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Rita Conceicao: Touching Lives through Bahia Street

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By Goodnews Buekor

Born and bred in one of the popular communities of Salvador, Brazil, Rita Conceicao was exposed to the harsh realities of violence, lack, and death of loved ones at a tender age. She likewise knew she wanted something better.

“My mother had lots of children and hard life. She died young, so I brought up my brothers and sisters. I knew I didn’t want that life kind of life for myself or my children.”

Her determination wouldn’t let her. Every day, Rita would travel for more than an hour using public transport to a place she could learn how to read and write. She had a flair for arts and took up photography. As a teenager, Rita would take daring pictures of protests against the then-ruling Brazilian military government.

“I didn’t think of it as black or gender consciousness,” she says. “People never talked about racism then.” However, she was concerned about how women like herself worked like maids for peanuts; sadly, it was the only available job, except prostitution.

Rita wanted to go to university, an almost impossible goal for someone with such a humble beginning. She attempted the university’s entrance exam three times and failed.

She tried again for the fourth time and luck shined on her part. Rita got admission into the most prestigious university in her state, the Federal University of State, where she studied. Her nonprofit organisation, ‘BAHIA STREET’, was born during this time.

Listening to the pain of the people in the community, helped her to set in structures for change. Rita set up an education program for the girls that granted them access to university and integrated race and gender consciousness into the Bahia Street Classes. She started a lunch program for the girls, who were often starving. She began enlightening the girls about reproduction, sexual violence, and self-esteem.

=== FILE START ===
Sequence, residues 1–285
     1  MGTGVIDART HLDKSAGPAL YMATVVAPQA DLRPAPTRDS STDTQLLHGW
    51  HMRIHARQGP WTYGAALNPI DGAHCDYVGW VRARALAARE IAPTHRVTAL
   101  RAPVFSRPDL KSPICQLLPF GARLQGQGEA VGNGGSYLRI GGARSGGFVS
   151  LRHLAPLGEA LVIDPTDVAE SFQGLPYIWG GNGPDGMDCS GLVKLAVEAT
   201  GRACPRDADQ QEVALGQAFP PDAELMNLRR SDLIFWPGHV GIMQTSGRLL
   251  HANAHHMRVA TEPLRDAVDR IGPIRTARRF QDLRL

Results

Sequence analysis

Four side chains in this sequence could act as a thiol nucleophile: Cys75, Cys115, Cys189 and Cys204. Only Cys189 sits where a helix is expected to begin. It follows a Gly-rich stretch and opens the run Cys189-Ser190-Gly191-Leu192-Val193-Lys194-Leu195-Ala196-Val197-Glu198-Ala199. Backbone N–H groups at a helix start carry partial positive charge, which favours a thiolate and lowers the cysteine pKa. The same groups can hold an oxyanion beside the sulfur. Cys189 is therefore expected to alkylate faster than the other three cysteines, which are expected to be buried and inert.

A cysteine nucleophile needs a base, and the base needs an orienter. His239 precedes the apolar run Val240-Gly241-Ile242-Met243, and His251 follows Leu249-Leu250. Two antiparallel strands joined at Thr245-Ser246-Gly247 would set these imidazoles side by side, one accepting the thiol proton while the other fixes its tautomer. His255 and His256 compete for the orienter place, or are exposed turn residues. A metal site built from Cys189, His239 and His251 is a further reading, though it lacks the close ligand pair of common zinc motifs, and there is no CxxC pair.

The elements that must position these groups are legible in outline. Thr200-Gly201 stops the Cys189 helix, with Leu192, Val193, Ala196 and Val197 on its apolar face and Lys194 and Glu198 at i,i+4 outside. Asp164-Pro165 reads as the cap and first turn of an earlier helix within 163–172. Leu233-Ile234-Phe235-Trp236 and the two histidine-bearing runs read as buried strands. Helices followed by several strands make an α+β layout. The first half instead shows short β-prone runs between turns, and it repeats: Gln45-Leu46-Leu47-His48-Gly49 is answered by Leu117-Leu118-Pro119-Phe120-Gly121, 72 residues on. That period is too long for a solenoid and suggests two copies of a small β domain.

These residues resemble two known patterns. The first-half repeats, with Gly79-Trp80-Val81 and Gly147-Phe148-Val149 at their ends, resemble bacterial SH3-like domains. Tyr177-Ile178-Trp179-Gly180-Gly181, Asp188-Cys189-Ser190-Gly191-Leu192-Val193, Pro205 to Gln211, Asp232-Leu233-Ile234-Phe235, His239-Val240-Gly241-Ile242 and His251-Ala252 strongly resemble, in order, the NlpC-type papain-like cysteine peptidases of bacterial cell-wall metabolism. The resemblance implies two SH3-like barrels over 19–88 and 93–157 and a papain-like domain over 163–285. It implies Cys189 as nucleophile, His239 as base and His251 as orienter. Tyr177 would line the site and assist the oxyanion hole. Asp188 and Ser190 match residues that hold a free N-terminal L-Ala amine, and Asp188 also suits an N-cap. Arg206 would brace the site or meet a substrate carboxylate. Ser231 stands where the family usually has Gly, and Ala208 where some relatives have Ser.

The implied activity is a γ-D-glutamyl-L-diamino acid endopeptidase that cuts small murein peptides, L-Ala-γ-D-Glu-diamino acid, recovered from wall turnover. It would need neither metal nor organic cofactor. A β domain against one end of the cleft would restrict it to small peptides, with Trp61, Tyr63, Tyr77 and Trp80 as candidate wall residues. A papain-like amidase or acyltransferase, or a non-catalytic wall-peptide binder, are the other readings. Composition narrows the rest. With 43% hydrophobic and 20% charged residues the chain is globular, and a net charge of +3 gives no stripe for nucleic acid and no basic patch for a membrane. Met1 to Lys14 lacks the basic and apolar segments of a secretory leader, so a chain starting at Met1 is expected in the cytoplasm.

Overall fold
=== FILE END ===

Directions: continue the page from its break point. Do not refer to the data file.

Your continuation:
“As I was growing up,” she says, “the girls in my family were never valued as much as the boys. This still exists in our society, but I say to the girls that their roots are their reality. I pass on to them the importance of ethics, self-respect and women’s solidarity. They see in me the difference it makes — what choices you make in your life — and the strength it takes. If women are to become equal, these qualities and knowledge are vital.”

The school started by renting or borrowing classrooms, but after some years, Bahia Street was able to purchase a building, a building they renovated.

The five-story Bahia Street Center is complete, with classrooms, a kitchen, library, computer lab and much more. In addition to education and support programs for the girls, Bahia Street now offers classes for the girls’ caregivers and other community members. It has become a haven for the girls and a community gathering place.

“We teach the girls to take care of others in their lives. Women take care of the children, and in that is the future of our society. The work we do is a form of black resistance. We are working for the survival of the black people in Bahia, showing that as black women, we can have equality and shape the future. In Bahia Street, we are giving girls a chance my mother never had,” she said.

Rita remains humbled by her outstanding achievement.

 “In Bahia Street,” she says, “I really found my identity. Managing to create Bahia Street continues to be an amazing process, and I have learned a consciousness myself through this process.”

Recently, Bahia Street graduate Daza graduated from the university and obtained a journalism degree. In Daza, shantytown occupants have a voice they never had before. And the long-term Bahia Street vision of promoting equality for shantytown women is becoming a reality.

Rita laughs with a smile that, in its brightness, knows suffering, love, and strength. “And the work continues. That is the way for all of us. If we are to make a better world, the work is what we do.”

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